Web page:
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ROLLING WITH THE FLOW : They Might Be Co-Opting Cutting-Edge Rap, but It's His Beat and He'll Stick With It

January 09, 1994|Jonathan Gold

It is 20 minutes to 10, and my friends are all inside. I am sitting in my car, parked a block down from the restaurant, listening to somebody named Tina dedicate a song to her boyfriend, Frank. I half-wonder why I am listening to the radio by myself in the cold when strong coffee and companionship are so close at hand, but the rap song "G-Thang" starts to play, and I am happy with the beat, and the deejay follows up with Domino's "Ghetto Jam," which is a song that I could listen to all night.

I am waiting for my favorite five minutes of radio to come on, a segment called "Roll Call," where young listeners from Compton, from Whittier, from Beverly Hills dial KPWR and rap a few lines over the air, usually haltingly at first, building into a sort of awkward grace, a geeky, teen-age swagger that usually disappears about five minutes after a rapper walks into a recording studio for the first time. If you tune in often enough, you learn the names of most of the callers, you trace the evolution of their styles, from generic rap to Ice Cube guttural to Snoop Doggy Dogg smooth. You can predict which day most of the rhymes might include salty couplets about Michael Jackson, or which budding rapper will be cut off when he leans a little blue.

I've spent an eccentric amount of time lately listening to KPWR, a dance-music station with a peculiar mix of bass-heavy hip-hop, saccharine ballads and "old-school," which has come to mean, roughly, songs you might have heard on an L.A.-based R & B station in 1983--Rick James, the Gap Band, Vanity 6. The mix seems to work; KPWR is consistently among the highest-rated in the city, and such old-school superstars as Zapp & Roger chart massively higher in Southern California than in the rest of the country.

Where old-album rock radio seemed to play "Stairway to Heaven" every 15 minutes, KPWR plays "The Message," and between Grandmaster Flash's original and Ice Cube's contemporary reworking, you can count on hearing the song at least twice on an average commute. It is comforting that one of the nation's most famous morning jocks could have been knocked off the air by what amounts to a bunch of goofs talking about football and girls. And I found it kind of nice when KPWR's brass decided to bleep out the nasty words in hard-core rap songs rather than ban the music altogether.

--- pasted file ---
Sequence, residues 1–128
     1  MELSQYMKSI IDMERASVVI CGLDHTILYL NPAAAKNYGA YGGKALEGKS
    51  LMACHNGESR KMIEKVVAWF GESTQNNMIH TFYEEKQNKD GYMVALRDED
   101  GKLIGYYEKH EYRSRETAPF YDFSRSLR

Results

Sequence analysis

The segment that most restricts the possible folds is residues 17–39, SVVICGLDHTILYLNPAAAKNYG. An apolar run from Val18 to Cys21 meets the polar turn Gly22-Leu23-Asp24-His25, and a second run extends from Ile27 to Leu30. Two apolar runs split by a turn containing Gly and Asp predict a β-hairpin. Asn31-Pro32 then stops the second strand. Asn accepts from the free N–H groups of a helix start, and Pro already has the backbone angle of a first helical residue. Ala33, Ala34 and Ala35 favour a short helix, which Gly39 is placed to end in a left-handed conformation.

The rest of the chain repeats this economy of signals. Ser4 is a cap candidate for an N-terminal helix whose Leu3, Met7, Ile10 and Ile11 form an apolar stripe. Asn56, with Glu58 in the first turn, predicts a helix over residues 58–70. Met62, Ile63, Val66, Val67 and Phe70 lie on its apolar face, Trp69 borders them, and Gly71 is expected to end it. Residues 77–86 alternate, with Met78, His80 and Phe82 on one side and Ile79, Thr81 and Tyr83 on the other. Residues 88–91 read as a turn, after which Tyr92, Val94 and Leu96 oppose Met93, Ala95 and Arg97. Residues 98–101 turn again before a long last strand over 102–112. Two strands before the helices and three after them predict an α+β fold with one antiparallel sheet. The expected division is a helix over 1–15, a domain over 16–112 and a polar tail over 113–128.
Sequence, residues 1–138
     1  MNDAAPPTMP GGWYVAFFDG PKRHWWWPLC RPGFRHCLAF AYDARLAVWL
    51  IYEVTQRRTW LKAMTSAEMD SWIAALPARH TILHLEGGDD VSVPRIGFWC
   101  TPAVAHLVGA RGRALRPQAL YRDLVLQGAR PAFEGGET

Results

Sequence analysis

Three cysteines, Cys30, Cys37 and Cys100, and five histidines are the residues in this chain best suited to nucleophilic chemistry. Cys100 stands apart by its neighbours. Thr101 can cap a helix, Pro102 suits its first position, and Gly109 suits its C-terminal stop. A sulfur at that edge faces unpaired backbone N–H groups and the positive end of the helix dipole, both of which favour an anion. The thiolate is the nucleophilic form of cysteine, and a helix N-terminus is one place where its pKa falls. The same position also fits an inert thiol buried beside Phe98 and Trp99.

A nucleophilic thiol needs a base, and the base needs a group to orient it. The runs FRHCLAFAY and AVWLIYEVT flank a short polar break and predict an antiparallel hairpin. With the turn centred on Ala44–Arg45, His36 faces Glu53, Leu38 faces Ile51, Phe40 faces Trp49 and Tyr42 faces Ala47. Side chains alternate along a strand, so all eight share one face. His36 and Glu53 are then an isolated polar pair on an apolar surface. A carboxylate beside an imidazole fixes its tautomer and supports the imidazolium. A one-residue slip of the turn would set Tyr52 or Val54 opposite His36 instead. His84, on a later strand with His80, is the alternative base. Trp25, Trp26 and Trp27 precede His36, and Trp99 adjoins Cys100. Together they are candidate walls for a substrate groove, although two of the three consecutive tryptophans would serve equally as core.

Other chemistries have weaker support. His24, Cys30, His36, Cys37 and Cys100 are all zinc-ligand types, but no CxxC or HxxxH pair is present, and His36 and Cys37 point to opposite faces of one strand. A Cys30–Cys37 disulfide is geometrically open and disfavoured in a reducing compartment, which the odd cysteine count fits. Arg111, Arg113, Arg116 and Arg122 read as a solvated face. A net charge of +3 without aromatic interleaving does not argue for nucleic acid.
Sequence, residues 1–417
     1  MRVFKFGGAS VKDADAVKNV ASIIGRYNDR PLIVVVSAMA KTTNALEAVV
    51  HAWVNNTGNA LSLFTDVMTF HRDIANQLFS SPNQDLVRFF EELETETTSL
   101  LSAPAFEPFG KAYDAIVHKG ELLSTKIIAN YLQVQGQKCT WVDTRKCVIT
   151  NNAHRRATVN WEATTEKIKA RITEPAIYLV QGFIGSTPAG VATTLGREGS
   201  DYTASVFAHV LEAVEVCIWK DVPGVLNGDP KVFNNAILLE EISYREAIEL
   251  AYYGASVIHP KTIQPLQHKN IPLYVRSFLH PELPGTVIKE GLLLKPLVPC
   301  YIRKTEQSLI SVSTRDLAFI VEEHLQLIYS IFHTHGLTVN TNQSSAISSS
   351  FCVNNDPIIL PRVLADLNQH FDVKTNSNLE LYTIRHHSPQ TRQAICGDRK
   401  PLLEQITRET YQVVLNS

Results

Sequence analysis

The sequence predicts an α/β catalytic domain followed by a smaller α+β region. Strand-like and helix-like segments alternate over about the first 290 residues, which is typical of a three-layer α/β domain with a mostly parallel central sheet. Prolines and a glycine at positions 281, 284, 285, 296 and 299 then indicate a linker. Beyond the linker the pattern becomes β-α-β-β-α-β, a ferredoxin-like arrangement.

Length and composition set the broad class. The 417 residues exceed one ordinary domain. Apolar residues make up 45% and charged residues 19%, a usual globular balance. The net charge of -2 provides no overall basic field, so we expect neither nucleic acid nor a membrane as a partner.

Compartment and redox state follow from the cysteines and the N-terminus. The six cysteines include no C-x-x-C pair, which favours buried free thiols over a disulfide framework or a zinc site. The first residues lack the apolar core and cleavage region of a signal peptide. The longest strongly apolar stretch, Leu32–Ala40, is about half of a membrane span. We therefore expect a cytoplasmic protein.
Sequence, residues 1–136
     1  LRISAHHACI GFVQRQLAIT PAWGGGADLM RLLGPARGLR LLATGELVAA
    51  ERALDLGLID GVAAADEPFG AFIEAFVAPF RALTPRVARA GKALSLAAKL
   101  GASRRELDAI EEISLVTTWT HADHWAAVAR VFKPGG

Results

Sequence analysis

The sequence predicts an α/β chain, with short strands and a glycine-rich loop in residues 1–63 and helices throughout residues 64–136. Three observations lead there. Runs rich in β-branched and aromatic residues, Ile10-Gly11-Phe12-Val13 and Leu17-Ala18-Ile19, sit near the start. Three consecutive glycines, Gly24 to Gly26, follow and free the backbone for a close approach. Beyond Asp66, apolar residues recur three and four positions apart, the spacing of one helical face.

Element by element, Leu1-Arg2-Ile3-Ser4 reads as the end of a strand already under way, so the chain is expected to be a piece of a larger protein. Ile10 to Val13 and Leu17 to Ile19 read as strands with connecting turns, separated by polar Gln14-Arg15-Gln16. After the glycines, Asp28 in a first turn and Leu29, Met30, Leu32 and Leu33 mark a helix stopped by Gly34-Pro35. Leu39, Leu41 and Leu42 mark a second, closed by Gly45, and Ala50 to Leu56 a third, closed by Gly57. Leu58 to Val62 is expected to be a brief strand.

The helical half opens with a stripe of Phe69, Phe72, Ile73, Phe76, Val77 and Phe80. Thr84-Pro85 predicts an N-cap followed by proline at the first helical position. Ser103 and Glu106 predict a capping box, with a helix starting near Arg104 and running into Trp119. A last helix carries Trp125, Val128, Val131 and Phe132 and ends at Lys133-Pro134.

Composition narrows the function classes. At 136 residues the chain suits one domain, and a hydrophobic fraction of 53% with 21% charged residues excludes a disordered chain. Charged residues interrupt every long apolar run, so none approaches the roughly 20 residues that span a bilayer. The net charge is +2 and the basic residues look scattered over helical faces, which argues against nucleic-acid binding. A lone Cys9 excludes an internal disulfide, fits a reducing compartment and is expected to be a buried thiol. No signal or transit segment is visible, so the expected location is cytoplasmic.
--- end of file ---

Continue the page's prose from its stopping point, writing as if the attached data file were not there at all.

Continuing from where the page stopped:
It is peculiar, though, to inadvertently find oneself part of a target market; it also feels odd to have one's meager lode of '80s nostalgia mined so precisely, from the heavy electrobeat breathing of the Egyptian Lover, to Melle Mel's "White Lines," to early L. L. Cool J, to . . . oh Lord! . . . the yo bay-bee, yo bay-bee yo that used to define West Coast rap music before Ice-T discovered his gangsta muse deep within the barrel of an Uzi. The stuff makes me feel the sort of vague longing that my dad must have felt hearing a Jo Stafford song 20 years later on "The Swinging Years."

Sometimes nothing annoys a certain kind of person more than having popular consensus swing around to agree with his taste. Who wants to stand in line at the Forum to see a band you used to rock out to at tiny Hollywood clubs; who's happy when the friendly hip-hop crew whose tapes he bought out of somebody's trunk develops into the Beatles of vulgar rap? Some degree of success is fine--you don't want the terrific Malaysian novelist you champion to remain so obscure that even Susan Sontag has a hard time placing her name--but in a culture where hipness is measured by how many left-field obsessions you can claim, extreme popularity can only debase the currency: Who wants to be just getting into Edith Wharton right now?

But sometimes it's better to flow with a groove than to fight against it, especially when you like the beat. The "Roll Call" music pumped through the car, there were enough Michael Jackson japes to fill a monthful of Letterman monologues, and as I had hoped, I got back to the restaurant just in time for the second course.

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